This was a walk that was a long time in the making. We had started to walk this route back in November 2019 when we set off in incessant, heavy rain and strong winds from The White Horse Inn in Curdworth. We got to the top of Wiggins Hill Road, just short of The Cock Inn, when we decided to abandon the walk and take a short cut back to our starting point.
It seemed appropriate, therefore, to revisit the route and start from where we left off. This time the weather was dry. The walkers assembled, suitably distanced, in the car park of The Cock Inn in Wishaw near Sutton Coldfield. We divided into two groups to comply with Government guidelines, one group led by myself, and the other by Lynn Evans, who was also familiar with the route.
The two parties left the pub car park five minutes apart, heading north across agricultural land towards the hamlet of Grove End, before doubling back after around a mile to walk parallel to the M6 toll road. We soon entered the graveyard of St. Chad’s church in Wishaw, which dates from the 13th century, and which stands oddly remote from the village it represents. Unfortunately, Covid-19 restrictions meant we could not go inside.
A kissing gate near Rookery Cottages led us into ploughed fields, which we had to cross carefully because of the deep furrows, and eventually we reached the canal at Baylis’s Bridge. From the vantage point of the bridge arch we could see the top lock of the Curdworth flight to our left. This lock had to be rebuilt to accommodate the M6 Toll road.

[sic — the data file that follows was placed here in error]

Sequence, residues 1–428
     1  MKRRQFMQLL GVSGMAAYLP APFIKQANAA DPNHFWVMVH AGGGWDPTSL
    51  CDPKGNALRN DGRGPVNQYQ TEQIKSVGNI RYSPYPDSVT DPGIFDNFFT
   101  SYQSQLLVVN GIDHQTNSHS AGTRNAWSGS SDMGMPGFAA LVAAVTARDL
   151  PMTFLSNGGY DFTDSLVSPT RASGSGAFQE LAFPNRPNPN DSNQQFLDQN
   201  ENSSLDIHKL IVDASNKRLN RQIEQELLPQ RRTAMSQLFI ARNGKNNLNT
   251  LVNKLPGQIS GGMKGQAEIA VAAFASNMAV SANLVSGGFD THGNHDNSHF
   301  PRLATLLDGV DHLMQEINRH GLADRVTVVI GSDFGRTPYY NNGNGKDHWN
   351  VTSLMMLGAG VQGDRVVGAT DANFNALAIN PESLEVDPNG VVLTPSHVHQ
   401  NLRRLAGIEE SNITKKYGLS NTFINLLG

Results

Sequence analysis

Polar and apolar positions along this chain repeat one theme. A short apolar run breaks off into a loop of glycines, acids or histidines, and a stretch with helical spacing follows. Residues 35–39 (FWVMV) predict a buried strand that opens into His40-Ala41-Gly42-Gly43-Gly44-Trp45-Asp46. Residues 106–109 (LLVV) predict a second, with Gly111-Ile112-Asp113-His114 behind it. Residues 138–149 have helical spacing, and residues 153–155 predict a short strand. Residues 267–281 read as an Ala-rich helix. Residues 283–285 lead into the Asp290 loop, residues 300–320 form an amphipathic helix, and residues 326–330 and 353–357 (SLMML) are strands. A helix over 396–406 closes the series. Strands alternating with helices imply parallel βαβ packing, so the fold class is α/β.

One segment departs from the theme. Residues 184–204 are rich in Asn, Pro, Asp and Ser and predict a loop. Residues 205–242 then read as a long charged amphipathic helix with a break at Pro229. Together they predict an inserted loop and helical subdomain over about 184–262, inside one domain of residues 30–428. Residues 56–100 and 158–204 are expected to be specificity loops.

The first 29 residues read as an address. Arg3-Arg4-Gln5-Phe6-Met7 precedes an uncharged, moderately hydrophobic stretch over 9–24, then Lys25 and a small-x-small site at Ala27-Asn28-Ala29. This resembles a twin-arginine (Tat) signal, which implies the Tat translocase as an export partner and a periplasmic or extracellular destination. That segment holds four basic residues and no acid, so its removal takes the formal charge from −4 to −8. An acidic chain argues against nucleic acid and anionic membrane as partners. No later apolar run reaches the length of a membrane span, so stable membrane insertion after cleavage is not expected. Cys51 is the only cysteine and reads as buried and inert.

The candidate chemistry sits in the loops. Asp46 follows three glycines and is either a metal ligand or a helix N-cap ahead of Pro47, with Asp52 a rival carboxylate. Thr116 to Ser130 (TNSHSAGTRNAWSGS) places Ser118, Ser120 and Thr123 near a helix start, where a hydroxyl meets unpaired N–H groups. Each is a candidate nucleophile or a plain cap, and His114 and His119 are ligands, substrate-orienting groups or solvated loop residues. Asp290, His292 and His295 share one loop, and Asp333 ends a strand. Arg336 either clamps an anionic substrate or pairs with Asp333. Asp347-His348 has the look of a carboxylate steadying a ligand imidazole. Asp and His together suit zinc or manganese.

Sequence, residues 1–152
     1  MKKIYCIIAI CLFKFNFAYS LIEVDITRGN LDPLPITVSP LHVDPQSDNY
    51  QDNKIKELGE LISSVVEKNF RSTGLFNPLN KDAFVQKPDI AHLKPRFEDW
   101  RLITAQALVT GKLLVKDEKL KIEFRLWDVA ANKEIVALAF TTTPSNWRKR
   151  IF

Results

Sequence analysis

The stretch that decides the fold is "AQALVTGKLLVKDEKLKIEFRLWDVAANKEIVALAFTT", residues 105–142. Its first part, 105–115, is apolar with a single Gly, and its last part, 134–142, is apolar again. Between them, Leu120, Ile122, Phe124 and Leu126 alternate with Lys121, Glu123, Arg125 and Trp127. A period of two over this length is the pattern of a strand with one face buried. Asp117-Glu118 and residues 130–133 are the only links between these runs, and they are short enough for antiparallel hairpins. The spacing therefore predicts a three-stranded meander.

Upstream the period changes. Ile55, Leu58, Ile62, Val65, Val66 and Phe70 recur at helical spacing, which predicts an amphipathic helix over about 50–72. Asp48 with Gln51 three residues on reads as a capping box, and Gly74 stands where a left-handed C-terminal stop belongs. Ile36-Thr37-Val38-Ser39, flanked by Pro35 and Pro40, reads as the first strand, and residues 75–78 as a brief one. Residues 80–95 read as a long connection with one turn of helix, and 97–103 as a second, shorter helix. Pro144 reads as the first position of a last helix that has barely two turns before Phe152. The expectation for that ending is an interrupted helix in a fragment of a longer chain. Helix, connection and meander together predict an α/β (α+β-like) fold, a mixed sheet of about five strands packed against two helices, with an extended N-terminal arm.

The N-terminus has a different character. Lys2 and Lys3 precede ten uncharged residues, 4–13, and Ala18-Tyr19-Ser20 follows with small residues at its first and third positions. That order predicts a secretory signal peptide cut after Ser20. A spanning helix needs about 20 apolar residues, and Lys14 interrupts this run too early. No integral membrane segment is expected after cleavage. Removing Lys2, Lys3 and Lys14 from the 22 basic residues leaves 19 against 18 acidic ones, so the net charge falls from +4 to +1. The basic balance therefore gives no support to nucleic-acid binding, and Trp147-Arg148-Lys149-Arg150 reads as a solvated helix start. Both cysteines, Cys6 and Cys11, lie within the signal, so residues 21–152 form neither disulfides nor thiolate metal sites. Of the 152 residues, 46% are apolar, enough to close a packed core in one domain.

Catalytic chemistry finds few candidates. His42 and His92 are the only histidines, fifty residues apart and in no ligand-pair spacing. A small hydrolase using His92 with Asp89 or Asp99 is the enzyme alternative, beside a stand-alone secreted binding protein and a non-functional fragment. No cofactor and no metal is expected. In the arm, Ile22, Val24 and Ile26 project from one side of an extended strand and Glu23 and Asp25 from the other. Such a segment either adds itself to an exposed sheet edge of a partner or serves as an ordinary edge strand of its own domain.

We turned right along the towpath and soon reached Curdworth tunnel with its historic ridged brick horse treads. Passing through to the other side, the towpath here is pleasantly wide, with vast open fields on the offside. We left the towpath at Broad Bulk Bridge and continued slightly uphill towards Wiggin Hill Cottages. From there it was a short walk along the road back to our starting point, where we enjoyed refreshment.
My special thanks go to Lynn Evans for stepping in as co-leader at short notice.
(Report and photo by Clive Walker)